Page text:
While Buddhist monks and research scientists may not seem to have much in common, both groups can point to numerous physical and mental health benefits of mindfulness—the ancient Buddhist practice of remaining centered, calm, and fully present in the here and now. Scientific studies have shown that mindfulness can help decrease the risk of heart attack or stroke, reduce anxiety, and change the size of regions in the brain linked to memory, sense of self, empathy, and stress.
Supported by a generous gift from an anonymous donor and launched in April 2023, the Thich Nhat Hanh Center for Mindfulness in Public Health at the Harvard T.H. Chan School of Public Health aims to explore the burgeoning science behind how mindfulness—often narrowly seen as a solitary practice of individual meditation and reflection—can be harnessed more broadly to advance public health and societal well-being. By focusing on mindfulness research across fields including neuroscience, nutrition, the environment, health policy, and epidemiology, the center aims to share strategies, programs, and policy recommendations to empower people around the globe to live longer, healthier, and happier lives.
“I am so pleased that this new center will enable the scientific study of mindfulness in the context of public health. We are looking forward to establishing the center as a hub of rigorous inquiry and to collaborating with colleagues around the world to advance the science of mindfulness,” says Walter Willett MPH ’73, DrPH ’80, the center’s director and professor of epidemiology and nutrition at the Harvard Chan School.
Based in the Department of Nutrition, the center will serve as a nexus of evidence-based scholarship, research, and teaching on mindfulness, with a specific focus on nutrition and the environment.
Mindful approaches to living can help people feel more connected to themselves and the world around them. Techniques such as breathing exercises, meditation, and applying intentionality in everyday activities like eating and walking often cultivate a nonjudgmental self-awareness of inner emotional states and our surroundings. With practice, these exercises help people to stay grounded in the moment, reduce stress, and enhance feelings of well-being.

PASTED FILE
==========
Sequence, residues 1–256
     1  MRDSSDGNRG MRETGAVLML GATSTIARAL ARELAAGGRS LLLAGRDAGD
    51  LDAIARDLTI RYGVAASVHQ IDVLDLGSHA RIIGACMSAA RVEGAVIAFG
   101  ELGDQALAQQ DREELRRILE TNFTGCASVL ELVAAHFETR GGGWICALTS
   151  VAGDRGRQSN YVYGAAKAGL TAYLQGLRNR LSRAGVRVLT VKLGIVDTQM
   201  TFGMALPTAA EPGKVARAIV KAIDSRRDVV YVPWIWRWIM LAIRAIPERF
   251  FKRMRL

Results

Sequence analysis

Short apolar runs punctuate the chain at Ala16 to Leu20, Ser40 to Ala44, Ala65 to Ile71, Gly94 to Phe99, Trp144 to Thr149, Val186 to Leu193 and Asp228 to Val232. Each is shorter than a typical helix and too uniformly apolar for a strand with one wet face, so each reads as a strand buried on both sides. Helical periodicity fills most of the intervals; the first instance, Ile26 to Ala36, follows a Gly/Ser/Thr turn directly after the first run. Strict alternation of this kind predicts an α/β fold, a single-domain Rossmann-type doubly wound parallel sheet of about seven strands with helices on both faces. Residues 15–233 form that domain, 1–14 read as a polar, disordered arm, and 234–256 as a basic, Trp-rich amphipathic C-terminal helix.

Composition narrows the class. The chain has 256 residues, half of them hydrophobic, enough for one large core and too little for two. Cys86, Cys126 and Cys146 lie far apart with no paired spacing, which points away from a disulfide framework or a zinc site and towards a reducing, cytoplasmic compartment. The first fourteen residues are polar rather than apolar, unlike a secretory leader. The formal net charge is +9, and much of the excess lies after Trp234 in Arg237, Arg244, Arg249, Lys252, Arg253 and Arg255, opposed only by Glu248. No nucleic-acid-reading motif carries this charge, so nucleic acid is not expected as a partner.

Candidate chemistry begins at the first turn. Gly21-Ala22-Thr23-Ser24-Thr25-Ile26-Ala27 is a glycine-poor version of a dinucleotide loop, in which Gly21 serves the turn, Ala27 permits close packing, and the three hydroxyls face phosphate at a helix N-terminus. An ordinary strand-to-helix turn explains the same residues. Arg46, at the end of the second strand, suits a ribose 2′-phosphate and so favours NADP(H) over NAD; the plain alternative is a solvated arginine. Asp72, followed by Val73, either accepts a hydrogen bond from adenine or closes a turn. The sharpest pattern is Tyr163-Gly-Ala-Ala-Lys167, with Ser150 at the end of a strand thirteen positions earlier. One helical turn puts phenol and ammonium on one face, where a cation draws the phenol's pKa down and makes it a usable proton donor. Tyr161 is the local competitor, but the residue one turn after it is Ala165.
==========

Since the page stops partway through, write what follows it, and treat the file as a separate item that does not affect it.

In addition to the individual benefits, the concept of “mindfulness beyond oneself” is an awareness of the interconnectedness of the world around us and how personal decisions can have a positive global impact. For example, consuming less meat is a mindful dietary choice that not only improves one’s cardiovascular health but also helps mitigate climate change, as industrial production of livestock is a major source of greenhouse gas emissions.
The center is named in honor of the late Thich Nhat Hanh, a Zen Buddhist master, teacher, and poet from Vietnam who helped popularize mindful practices around the world. A peace activist and champion of human rights, he was nominated for the Nobel Peace Prize by Martin Luther King Jr. Principal to his teachings was “engaged Buddhism,” a nonsectarian social movement that conveyed Buddhist concepts grounded in compassion to implement changes in politics and society. Thich Nhat Hanh wrote many books, including The Miracle of Mindfulness, a landmark text that included meditation exercises to increase feelings of joy and peace. He passed away in 2022 at the age of 95.
“We will rigorously study the science of mindfulness, but we will also seek to share the benefits of mindfulness with all people around the world, just like Thich Nhat Hanh did,” says Lilian Cheung SM ’75, ScD ’78, director of mindfulness research and practice in the department of nutrition at the Harvard Chan School, who co-authored a book on mindful eating with Thich Nhat Hanh. “We will show them how to incorporate the principles of mindfulness in their own lives—to improve their health, the health of people around the world, and the health of the planet.”